Often, what drives the Coens’ stories is the implacable unfolding of extreme consequences once that first wrong step is taken. That focus started with their first film, Blood Simple, a pared-down neo-noir that strips away most of the usual femme-fatale conniving and patsy-protagonist resistance, and cuts to the chase: Julian Marty’s wife Abby cheats on him with his employee Ray. Their decision is barely examined: The film doesn’t explore Abby or Ray in any depth beforehand to see what leads to their choice, and doesn’t dwell on their relationship, or even their personalities. The Coens’ lack of interest in the whys of their affair suggest that their reasons don’t make any difference—just their actions, which lead quickly and inevitably to catastrophe. Ray and Abby choose to cuckold Julian; he chooses to avenge himself through a private detective; the detective chooses to betray his boss; Ray encounters the fallout of that betrayal, fatally misinterprets it, and makes the worst decisions the situation allows. Every decision tree along the way inevitably leads to a worse place with a higher body count. In the end, three of them are dead, and the last one is traumatized, shattered, and left alone to mourn.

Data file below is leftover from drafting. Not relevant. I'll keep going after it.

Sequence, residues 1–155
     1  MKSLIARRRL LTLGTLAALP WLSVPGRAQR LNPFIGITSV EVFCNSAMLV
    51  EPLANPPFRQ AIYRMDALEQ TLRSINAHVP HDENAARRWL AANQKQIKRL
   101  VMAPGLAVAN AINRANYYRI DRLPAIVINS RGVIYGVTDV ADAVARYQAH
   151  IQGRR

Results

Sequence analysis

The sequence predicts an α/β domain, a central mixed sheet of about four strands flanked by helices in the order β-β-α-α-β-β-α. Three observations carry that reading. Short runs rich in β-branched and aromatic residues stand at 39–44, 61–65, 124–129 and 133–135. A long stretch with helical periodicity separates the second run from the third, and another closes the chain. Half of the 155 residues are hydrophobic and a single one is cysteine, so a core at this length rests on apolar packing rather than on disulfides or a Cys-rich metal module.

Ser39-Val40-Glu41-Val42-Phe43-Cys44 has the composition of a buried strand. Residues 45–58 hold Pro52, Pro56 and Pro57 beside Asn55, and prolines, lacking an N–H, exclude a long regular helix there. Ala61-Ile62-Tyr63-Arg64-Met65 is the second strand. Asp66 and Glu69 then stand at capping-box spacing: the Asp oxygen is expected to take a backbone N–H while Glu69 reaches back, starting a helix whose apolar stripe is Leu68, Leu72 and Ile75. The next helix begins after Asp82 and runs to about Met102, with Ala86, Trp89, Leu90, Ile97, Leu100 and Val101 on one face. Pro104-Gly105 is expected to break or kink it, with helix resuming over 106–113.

The Coens have gotten much less blunt and more sophisticated with their moral explorations over the past two decades. Their latest, Inside Llewyn Davis, doesn’t read nearly so much like a morality play, though it’s similarly merciless. The film begins with the titular character getting a brutal beatdown, before the film even reveals what he did to earn it. But as it loops back in time, it suggests, over and over, that Llewyn’s life is a sort of perpetual beatdown, a nonstop series of setbacks and disappointments, and that on some cosmic level, he’s earned them with his own failings. As a struggling singer in New York City’s 1960s folk scene, he’s cruel to his fans and patrons, he’s uncharitable and rude to other performers, and he’s selfish and self-absorbed in general. And the world responds to him with equal rudeness, shutting him down at every opportunity. Where the punishments in Blood Simple come from direct, clear cause-and-effect processes—the betrayers are betrayed, the killers are killed—Inside Llewyn Davis’ chastisements are more abstract. There’s no direct causal link between Llewyn screaming at his host at a dinner party for singing along with his music, or abandoning a cat in a car by the side of the road, and Llewyn getting rejected by the producer who could turn his career around. But seen within the pattern of the Coens’ overall take on how negative personal choices lead to outsized destruction, it’s hard to miss the suggestion of a connection.